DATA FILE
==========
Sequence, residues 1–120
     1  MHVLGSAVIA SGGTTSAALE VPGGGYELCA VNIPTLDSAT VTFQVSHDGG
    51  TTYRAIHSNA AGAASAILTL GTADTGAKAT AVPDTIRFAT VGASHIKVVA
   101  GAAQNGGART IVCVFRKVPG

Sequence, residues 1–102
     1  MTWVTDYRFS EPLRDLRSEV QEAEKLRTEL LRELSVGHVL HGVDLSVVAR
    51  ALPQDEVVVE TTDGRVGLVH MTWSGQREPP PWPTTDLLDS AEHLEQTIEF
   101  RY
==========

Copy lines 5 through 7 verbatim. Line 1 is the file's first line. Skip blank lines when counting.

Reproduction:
Sequence, residues 1–102
     1  MTWVTDYRFS EPLRDLRSEV QEAEKLRTEL LRELSVGHVL HGVDLSVVAR
    51  ALPQDEVVVE TTDGRVGLVH MTWSGQREPP PWPTTDLLDS AEHLEQTIEF